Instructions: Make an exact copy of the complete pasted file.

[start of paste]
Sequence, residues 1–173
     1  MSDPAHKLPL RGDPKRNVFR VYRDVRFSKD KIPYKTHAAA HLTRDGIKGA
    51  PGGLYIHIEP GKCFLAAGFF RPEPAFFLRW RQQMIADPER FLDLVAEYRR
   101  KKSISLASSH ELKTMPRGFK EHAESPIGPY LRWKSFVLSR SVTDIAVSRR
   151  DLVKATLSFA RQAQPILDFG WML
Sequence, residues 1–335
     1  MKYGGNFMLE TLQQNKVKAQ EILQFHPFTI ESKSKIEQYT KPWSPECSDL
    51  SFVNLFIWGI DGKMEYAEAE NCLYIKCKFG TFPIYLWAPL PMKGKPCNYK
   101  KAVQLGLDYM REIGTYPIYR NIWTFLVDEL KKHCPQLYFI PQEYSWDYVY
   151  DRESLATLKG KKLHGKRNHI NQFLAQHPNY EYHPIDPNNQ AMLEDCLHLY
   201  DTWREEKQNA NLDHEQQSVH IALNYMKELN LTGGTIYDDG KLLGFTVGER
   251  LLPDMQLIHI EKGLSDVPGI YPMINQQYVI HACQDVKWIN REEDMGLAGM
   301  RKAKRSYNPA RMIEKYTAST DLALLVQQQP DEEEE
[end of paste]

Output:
Sequence, residues 1–173
     1  MSDPAHKLPL RGDPKRNVFR VYRDVRFSKD KIPYKTHAAA HLTRDGIKGA
    51  PGGLYIHIEP GKCFLAAGFF RPEPAFFLRW RQQMIADPER FLDLVAEYRR
   101  KKSISLASSH ELKTMPRGFK EHAESPIGPY LRWKSFVLSR SVTDIAVSRR
   151  DLVKATLSFA RQAQPILDFG WML
Sequence, residues 1–335
     1  MKYGGNFMLE TLQQNKVKAQ EILQFHPFTI ESKSKIEQYT KPWSPECSDL
    51  SFVNLFIWGI DGKMEYAEAE NCLYIKCKFG TFPIYLWAPL PMKGKPCNYK
   101  KAVQLGLDYM REIGTYPIYR NIWTFLVDEL KKHCPQLYFI PQEYSWDYVY
   151  DRESLATLKG KKLHGKRNHI NQFLAQHPNY EYHPIDPNNQ AMLEDCLHLY
   201  DTWREEKQNA NLDHEQQSVH IALNYMKELN LTGGTIYDDG KLLGFTVGER
   251  LLPDMQLIHI EKGLSDVPGI YPMINQQYVI HACQDVKWIN REEDMGLAGM
   301  RKAKRSYNPA RMIEKYTAST DLALLVQQQP DEEEE